Conclusions

SRS is a useful tool in the management of brain AVMs in children, but the safety profile and necessary SRS parameters still require elucidation. In this study, a low marginal dose minimized overt neurological deficits directly associated with SRS but also resulted in lower rates of obliteration and higher rates of posttreatment hemorrhage. On the basis of this experience, we recommend marginal doses of at least 18 Gy to improve obliteration rates and reduce the risk for posttreatment hemorrhage. Comparison of our results with those of prior studies that used higher prescription doses (≥ 20 Gy), however, suggests that even better angiographic results and reasonable complication rates can be obtained when higher doses are used. In addition, aggressive follow-up and consideration of salvage SRS should be implemented for these patients. With multiple treatment options for brain AVMs in children, an understanding of the risks and benefits of SRS is critical for optimizing patient outcomes. For further clarification of the potential risks of SRS, prospective studies incorporating detailed neurological and cognitive assessments are needed.

Acknowledgment

We thank Annette M. Molinaro, Ph.D., for her assistance with statistical analysis.

Disclosure

The authors report no conflict of interest concerning the materials or methods used in this study or the findings specified in this paper.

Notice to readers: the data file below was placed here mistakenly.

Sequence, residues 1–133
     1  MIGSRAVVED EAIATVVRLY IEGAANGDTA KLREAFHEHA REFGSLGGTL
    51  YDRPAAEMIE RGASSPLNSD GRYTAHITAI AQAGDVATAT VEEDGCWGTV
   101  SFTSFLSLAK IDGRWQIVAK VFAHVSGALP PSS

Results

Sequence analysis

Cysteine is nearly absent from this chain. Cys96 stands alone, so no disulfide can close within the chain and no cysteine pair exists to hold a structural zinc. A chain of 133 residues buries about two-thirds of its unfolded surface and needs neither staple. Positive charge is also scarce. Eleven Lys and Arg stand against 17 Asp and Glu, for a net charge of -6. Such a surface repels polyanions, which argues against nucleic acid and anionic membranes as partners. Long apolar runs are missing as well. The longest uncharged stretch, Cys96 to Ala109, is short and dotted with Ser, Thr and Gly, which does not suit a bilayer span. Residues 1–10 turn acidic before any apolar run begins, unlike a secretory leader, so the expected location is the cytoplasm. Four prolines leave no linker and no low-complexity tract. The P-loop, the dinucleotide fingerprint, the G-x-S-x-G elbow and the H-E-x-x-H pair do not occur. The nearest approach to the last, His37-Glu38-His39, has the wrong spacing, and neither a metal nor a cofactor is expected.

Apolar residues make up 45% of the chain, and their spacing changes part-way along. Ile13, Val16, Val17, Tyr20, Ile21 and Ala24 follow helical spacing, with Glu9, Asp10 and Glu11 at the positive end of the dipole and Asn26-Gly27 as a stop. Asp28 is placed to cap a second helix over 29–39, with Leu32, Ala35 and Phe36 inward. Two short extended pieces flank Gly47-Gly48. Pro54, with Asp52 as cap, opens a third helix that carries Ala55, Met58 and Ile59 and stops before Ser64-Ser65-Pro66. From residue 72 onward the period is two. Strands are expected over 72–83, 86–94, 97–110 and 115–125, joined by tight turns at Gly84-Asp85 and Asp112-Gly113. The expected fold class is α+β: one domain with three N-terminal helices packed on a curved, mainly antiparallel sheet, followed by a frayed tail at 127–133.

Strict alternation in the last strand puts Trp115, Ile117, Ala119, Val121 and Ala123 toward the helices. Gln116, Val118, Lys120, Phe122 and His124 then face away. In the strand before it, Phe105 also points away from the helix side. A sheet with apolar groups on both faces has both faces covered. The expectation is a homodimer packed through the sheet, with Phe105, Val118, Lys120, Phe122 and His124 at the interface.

This research was funded in part by the National Institutes of Health (grant no. R01 NS034949 to W.L.Y. and grant no. P01 NS044155 to Center for Cerebrovascular Research).

Author contributions to the study and manuscript preparation include the following. Conception and design: Gupta, Potts, Fullerton. Acquisition of data: Potts, Sheth, Louie, Smyth, Sneed, Young, Hetts. Analysis and interpretation of data: Gupta, Potts, Sheth, Smyth, Sneed, Fullerton. Drafting the article: Potts. Critically revising the article: all authors. Reviewed submitted version of manuscript: all authors. Approved the final version of the manuscript on behalf of all authors: Gupta. Statistical analysis: Potts. Study supervision: Gupta.

Portions of this work were presented in electronic poster format at the Joint AANS/CNS Cerebrovascular Section Annual Meeting, New Orleans, LA, January 30–31, 2012.

References

  • 1

    Altschuler EMLunsford LDCoffey RJBissonette DJFlickinger JC: Gamma knife radiosurgery for intracranial arteriovenous malformations in childhood and adolescence. Pediatr Neurosci 15:53611989

    • Search Google Scholar
    • Export Citation
  • 2

    Buis DRDirven CMFLagerwaard FJMandl ESLycklama á Nijeholt GJEshghi DS: Radiosurgery of brain arteriovenous malformations in children. J Neurol 255:5515602008

    • Search Google Scholar
    • Export Citation
  • 3

    Cohen-Gadol AAPollock BE: Radiosurgery for arteriovenous malformations in children. J Neurosurg 104:6 Suppl3883912006

  • 4

    Darsaut TEGuzman RMarcellus MLEdwards MSTian LDo HM: Management of pediatric intracranial arteriovenous malformations: experience with multimodality therapy. Neurosurgery 69:5405562011

    • Search Google Scholar
    • Export Citation
  • 5

    Dinca EBde Lacy PYianni JRowe JRadatz MWRPreotiuc-Pietro D: Gamma knife surgery for pediatric arteriovenous malformations: a 25-year retrospective study. Clinical article. J Neurosurg Pediatr 10:4454502012

    • Search Google Scholar
    • Export Citation
  • 6

    Feliciano CERodríguez-Mercado R: Evaluation of pediatric patients with vascular malformations managed with endovascular and radiosurgical techniques using a modified Rankin Disability Scale. P R Health Sci J 27:27332008